University of Moncton students speak out against unpaid internships
Student union launches campaign asking province to ease the burden of unpaid work
The student federation at the University of Moncton launched a campaign Tuesday called "My Internship is Ruining Me," asking the government of New Brunswick to put financial measures in place to help students who must complete unpaid internships as part of their degree.
The federation (FEECUM) said students in programs like education, nursing or social work complete unpaid internships in the public sector that often last several months at a time, which can take a financial toll.
"If it's in the way of paying the intern, we might be at that avenue," said FEECUM president Tristian Gaudet. "If it's in the form of bursary, we're open to that also."
Gaudet and other students argue they often end up doing what they say is essentially the work of a paid employee, all while paying tuition.
They also say internships come with many added costs, like medical equipment or vaccines for those in health professions. Others have to pay for transport or accommodation if they are placed outside of Moncton.
"It's definitely been exhausting when it comes to clinicals," said Veronique Cormier, a fourth-year nursing student. "We're there to learn and we do 12-hour shifts, eight-hour shifts, two to three times a week, and a lot of students work at the same time on the weekends, because they have bills to pay."
Andrew Langille, a Toronto-based labour lawyer and general counsel to the Canadian Intern Association, believes the students' demands are sensible.
After horror stories about unpaid internships recently made headlines across the country, the federal government finally announced changes in its 2017 budget, limiting unpaid internships in the federal public sector.
Langille said the University of Moncton students' demands are in line with trends seen across the country.
He believes despite the recent federal announcement, some provinces still have work to do.
"Given New Brunswick's demographic issues, I would treat this as a pretty serious request," said Langille.
"If young people don't feel that they have the economic wherewithal to survive in New Brunswick, they will move to other jurisdictions in Canada. And I think giving support to young workers and students is incredibly necessary."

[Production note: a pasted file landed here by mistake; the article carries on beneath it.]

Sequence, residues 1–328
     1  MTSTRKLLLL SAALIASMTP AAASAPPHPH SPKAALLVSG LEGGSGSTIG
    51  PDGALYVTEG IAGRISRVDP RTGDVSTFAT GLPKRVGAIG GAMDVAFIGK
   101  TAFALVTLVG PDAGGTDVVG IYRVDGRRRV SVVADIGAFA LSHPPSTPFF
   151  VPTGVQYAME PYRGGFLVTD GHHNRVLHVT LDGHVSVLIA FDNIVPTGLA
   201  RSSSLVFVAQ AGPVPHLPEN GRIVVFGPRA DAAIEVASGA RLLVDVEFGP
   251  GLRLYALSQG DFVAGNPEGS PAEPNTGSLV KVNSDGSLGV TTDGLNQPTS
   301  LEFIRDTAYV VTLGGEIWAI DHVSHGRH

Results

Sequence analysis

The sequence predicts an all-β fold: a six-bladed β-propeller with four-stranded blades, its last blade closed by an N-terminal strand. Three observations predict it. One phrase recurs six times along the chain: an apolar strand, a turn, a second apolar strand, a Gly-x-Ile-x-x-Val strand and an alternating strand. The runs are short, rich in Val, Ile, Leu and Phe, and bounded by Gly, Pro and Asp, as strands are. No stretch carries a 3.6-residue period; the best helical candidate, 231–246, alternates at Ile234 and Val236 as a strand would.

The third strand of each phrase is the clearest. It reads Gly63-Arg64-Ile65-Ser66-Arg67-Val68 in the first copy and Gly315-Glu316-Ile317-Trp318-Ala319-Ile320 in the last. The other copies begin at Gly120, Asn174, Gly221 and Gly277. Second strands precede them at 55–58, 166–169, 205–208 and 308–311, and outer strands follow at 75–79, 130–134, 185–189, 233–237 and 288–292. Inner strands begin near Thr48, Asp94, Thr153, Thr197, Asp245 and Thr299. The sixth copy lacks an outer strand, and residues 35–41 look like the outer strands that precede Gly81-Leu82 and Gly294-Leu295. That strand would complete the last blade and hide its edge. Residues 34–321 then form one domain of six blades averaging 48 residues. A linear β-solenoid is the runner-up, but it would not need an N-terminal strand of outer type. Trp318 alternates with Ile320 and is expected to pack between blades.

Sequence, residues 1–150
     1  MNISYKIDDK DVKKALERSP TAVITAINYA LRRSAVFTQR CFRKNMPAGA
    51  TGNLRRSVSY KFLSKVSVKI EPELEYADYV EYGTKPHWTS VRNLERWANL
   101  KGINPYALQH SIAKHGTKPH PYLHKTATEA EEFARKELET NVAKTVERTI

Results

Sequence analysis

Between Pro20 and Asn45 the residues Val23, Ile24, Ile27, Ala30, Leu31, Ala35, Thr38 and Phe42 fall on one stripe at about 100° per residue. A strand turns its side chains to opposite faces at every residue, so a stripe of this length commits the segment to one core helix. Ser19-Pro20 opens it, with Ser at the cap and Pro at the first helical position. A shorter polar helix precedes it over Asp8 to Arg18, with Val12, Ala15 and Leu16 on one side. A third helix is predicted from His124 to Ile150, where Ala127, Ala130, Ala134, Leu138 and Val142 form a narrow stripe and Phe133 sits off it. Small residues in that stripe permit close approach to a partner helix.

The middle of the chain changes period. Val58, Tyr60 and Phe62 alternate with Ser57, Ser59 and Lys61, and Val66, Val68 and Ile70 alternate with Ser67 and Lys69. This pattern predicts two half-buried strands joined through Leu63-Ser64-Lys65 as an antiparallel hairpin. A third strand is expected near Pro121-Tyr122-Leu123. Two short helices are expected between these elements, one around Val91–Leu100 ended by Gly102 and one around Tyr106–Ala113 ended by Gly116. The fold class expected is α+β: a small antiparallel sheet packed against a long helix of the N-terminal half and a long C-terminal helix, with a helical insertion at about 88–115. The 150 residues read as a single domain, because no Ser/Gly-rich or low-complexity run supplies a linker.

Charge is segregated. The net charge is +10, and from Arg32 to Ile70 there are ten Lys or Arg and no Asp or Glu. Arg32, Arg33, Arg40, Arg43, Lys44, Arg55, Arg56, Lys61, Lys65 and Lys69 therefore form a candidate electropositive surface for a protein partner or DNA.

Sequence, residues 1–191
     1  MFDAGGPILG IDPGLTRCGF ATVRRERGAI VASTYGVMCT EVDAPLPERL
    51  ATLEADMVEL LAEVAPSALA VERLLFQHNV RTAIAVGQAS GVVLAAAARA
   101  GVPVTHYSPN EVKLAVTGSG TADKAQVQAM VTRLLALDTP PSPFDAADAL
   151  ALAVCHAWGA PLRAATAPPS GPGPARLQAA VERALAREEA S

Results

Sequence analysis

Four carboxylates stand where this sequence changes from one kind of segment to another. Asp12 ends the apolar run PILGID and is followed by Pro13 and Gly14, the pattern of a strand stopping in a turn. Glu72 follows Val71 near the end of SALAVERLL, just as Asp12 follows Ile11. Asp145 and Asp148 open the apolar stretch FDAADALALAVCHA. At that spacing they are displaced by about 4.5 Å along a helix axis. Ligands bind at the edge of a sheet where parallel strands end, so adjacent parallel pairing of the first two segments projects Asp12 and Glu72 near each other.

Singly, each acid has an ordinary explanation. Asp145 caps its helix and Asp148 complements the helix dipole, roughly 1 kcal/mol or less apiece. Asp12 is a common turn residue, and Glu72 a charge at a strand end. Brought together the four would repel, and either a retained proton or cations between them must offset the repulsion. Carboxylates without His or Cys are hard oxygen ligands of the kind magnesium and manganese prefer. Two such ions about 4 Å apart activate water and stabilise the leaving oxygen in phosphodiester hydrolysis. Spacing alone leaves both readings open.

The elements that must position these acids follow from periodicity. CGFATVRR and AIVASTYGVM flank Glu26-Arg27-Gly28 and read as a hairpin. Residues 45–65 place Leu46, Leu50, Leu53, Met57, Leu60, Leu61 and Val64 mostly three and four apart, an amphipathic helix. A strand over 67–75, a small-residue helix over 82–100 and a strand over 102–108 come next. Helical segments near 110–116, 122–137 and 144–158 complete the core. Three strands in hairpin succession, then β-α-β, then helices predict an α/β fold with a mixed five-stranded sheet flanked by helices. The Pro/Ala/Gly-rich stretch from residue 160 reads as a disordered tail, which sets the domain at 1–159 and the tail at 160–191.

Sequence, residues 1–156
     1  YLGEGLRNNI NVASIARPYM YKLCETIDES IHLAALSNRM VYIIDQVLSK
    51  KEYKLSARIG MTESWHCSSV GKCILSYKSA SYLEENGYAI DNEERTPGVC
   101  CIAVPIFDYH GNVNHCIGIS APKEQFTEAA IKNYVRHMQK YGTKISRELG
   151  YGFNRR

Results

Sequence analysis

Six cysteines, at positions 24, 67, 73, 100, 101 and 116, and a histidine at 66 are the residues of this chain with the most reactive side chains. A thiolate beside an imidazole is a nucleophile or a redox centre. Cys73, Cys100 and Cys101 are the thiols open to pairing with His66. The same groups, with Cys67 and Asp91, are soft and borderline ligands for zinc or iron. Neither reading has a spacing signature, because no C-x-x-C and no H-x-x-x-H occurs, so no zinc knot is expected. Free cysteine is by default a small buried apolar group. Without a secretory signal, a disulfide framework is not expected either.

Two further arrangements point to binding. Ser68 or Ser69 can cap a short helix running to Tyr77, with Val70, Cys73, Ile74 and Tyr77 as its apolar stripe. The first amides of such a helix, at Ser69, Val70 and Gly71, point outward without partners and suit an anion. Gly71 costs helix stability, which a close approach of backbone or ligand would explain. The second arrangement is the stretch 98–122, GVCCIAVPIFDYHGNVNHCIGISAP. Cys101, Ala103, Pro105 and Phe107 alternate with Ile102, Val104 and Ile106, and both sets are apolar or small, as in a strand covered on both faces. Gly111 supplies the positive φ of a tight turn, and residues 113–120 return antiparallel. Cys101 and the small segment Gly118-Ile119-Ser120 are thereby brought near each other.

Students in New Brunswick are the most indebted in the country, racking up around $35,000 in debt after a bachelors degree on average, according to Statistics Canada.
Internships provide 'valuable experience'
But a spokesperson for the department of post-secondary education, training and labour said those internships are an investment in the students' future wages.
"Students acquire valuable experience in their chosen field at significant cost to the institutions that take them on," said Jason Hoyt, director of communications for the department. He added that no other province in Canada pays students for internships.
Hoyt believes the best method for government to assist students with the cost of their post-secondary education is to target those who need help most. He cited programs like New Brunswick's new free tuition program.
But Langille said he hasn't been able to find any laws in New Brunswick saying students are exempt from being paid minimum wage, as is the case in many other provinces, and believes there are legal as well as moral concerns around the issue.
"New Brunswick is a bit of an odd duck situation in that it doesn't regulate internships to any degree whatsoever. To such a point I would question whether not paying students is even legal," he said.
Langille said he would like to see the government take a long hard look at internships and impose a series of statutory measures that ensure fairness for young workers, including paying them the minimum wage.
"I think it comes down to a moral question of having students work and not paying them," said Gaudet.